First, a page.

Max Verstappen gave a damning verdict of the Japanese Grand Prix stewards after his retirement -- "I really don't understand what's going on today with the rules.".
Verstappen was knocked out of contention for a strong result on the exit of Turn 1, when Charles Leclerc drifted into his car. That pitched Verstappen into a spin and left him with car damage which ultimately led to his retirement mid-way through the race.
The incident was not initially investigated, which prompted a censored radio message from Verstappen, before the stewards decided to look into it after the race. After the race, Leclerc was handed a five-second penalty for the incident. That and another penalty of 10 seconds for Ferrari's refusal to pit him when he had a damaged car, relegated him from sixth to seventh.
Leclerc blamed a lack of downforce from running too close behind teammate Sebastian Vettel.
"I understeered being behind Seb and Lewis and then we touched," he said. "I don't know what happened and I haven't seen the full situation from the outside and this I need to look at. But from the car it was just a tricky situation."
Verstappen said that was not a valid excuse for what happened and said Leclerc should be penalised.
"I felt like I was in third and then suddenly at Turn 2 Charles just drove into the side of my car," Verstappen said after his DNF. "From my side I don't think I could have done anything different there.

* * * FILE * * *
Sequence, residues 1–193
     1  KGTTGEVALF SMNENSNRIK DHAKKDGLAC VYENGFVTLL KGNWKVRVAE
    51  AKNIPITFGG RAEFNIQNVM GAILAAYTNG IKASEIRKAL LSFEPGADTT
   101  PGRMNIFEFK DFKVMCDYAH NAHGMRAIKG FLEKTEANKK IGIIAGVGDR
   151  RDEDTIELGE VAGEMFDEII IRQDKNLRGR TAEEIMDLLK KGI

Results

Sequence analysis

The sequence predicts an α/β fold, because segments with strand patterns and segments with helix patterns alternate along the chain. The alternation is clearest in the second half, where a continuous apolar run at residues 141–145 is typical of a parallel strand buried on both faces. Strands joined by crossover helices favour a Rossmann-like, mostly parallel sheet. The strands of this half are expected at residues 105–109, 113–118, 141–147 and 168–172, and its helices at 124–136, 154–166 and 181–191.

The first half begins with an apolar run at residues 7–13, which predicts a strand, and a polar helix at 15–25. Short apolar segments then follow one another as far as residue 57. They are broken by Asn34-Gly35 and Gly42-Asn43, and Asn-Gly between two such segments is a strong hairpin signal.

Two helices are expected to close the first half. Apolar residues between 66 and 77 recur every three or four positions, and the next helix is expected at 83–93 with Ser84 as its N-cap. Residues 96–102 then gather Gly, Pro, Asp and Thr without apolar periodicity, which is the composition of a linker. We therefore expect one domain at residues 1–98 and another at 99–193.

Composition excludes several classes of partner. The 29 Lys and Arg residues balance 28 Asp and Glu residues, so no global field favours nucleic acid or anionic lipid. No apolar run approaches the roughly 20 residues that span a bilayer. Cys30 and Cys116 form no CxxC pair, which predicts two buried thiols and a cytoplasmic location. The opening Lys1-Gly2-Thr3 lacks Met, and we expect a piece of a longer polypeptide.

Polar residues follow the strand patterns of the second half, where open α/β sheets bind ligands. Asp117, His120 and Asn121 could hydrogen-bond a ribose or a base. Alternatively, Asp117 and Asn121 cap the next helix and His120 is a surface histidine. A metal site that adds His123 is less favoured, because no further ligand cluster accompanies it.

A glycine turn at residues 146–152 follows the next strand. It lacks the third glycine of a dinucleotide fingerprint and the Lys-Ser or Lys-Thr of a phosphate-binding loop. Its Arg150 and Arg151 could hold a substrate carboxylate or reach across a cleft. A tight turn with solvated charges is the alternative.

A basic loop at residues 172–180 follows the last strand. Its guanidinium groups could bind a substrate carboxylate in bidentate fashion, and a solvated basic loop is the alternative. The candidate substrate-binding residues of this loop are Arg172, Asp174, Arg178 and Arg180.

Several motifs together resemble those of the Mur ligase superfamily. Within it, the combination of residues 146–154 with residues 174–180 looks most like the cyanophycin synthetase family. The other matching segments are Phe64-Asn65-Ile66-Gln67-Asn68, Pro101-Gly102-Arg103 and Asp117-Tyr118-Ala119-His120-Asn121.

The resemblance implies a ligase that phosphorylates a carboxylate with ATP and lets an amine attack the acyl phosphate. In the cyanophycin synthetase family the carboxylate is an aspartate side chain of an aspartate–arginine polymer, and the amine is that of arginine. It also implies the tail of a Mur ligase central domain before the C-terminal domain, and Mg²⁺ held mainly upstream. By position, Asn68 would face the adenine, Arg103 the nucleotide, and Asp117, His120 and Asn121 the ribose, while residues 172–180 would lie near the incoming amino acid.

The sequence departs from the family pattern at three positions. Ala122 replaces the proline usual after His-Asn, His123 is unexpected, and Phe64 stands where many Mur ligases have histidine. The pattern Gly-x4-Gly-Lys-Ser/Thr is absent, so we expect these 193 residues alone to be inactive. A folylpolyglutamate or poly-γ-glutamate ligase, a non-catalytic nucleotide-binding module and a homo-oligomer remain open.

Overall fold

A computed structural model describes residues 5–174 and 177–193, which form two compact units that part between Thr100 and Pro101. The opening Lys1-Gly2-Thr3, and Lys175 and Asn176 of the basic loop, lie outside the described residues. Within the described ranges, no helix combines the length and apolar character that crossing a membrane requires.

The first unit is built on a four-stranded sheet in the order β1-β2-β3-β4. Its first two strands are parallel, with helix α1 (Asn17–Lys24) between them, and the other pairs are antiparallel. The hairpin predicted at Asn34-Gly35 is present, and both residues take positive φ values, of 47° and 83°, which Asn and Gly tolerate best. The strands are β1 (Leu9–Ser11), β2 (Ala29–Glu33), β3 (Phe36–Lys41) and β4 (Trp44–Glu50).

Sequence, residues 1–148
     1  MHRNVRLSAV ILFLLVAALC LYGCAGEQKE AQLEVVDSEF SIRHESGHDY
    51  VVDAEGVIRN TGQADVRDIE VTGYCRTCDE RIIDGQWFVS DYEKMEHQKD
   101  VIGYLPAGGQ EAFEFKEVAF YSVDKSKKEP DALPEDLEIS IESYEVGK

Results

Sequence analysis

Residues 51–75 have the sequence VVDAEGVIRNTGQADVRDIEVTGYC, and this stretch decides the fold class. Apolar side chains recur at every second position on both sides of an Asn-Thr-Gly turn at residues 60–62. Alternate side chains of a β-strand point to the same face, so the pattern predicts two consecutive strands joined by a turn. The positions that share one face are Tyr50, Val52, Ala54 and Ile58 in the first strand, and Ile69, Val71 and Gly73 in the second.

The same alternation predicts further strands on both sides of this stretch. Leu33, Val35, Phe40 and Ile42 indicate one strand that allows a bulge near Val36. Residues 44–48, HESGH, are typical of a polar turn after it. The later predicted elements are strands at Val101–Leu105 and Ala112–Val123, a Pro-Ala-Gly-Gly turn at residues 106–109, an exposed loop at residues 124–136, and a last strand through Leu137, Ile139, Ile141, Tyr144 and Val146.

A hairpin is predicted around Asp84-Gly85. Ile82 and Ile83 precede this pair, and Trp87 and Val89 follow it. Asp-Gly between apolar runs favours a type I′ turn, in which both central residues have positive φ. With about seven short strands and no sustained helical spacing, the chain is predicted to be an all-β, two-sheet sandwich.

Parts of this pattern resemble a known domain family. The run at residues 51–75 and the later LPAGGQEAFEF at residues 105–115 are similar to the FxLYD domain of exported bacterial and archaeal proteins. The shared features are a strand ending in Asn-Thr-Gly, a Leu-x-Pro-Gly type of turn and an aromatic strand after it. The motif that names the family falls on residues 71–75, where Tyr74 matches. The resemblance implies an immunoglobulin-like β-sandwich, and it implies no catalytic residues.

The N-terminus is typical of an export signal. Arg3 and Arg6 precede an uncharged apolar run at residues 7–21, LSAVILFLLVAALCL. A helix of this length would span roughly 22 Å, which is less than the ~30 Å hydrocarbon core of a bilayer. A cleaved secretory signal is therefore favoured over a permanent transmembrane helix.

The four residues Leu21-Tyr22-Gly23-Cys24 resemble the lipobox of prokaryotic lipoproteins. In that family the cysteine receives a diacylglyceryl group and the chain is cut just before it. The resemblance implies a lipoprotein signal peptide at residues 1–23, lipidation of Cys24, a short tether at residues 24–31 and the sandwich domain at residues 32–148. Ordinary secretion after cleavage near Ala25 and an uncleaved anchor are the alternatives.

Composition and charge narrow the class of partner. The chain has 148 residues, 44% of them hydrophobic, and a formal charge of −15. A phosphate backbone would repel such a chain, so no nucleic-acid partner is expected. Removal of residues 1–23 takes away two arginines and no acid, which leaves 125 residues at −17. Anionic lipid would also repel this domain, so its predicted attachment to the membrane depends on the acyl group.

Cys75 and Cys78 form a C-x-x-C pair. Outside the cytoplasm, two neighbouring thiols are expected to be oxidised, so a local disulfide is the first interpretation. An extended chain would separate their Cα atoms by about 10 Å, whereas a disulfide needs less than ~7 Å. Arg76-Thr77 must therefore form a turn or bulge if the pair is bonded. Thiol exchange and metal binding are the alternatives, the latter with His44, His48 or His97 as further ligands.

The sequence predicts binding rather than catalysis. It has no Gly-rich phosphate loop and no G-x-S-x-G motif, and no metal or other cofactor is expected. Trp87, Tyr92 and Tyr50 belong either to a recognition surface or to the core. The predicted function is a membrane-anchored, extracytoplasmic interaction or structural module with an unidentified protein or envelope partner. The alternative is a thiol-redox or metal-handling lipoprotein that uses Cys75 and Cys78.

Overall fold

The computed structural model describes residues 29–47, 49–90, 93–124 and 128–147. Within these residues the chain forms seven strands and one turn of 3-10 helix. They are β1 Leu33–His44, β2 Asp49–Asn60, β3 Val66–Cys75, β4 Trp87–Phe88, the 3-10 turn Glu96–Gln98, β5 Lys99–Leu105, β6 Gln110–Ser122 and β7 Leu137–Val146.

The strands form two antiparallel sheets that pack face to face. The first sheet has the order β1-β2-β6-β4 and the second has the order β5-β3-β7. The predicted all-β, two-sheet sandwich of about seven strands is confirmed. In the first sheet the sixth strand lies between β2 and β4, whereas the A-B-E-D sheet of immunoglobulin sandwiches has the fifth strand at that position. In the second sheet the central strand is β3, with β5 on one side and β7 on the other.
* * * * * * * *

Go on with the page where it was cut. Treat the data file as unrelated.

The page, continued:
"We all know that you lose downforce behind other cars, so that is not an excuse and I think he is experienced enough to know that. The weird thing for me is that initially they don't even investigate it, and my whole car is destroyed. There are just holes in the side of the car. Then they started to investigate it but now it's after the race. I mean, what more should he do to get a penalty?
"I like hard racing but I don't think this was hard racing, this was just irresponsible driving into Turn 2. They had a bad start so for sure he was just trying to recover places but there's only as much as you can do and it's still a very long race. It's a shame that it happened."
Leclerc wasn't the only driver to avoid an in-race penalty, with Sebastian Vettel escaping punishment for moving his car before the lights went out at the start. Verstappen said that just added to his confusion.
"Just watching the footage back from Seb's start, he moves and then he stops, the rules say you cannot move, and that's fine because he didn't gain an advantage they said. So, I really don't understand what's going on today with the rules."
On Vettel's penalty, the official verdict read: "The Stewards reviewed video evidence and the jump-start report based on the information from the FIA approved and supplied transponder fitted to each car.
"Whilst the video shows some movement that movement was within the acceptable tolerance of the F1 jump start system which formerly defines a jump start per Article 36.13(a) of the FIA Formula One Sporting Regulations."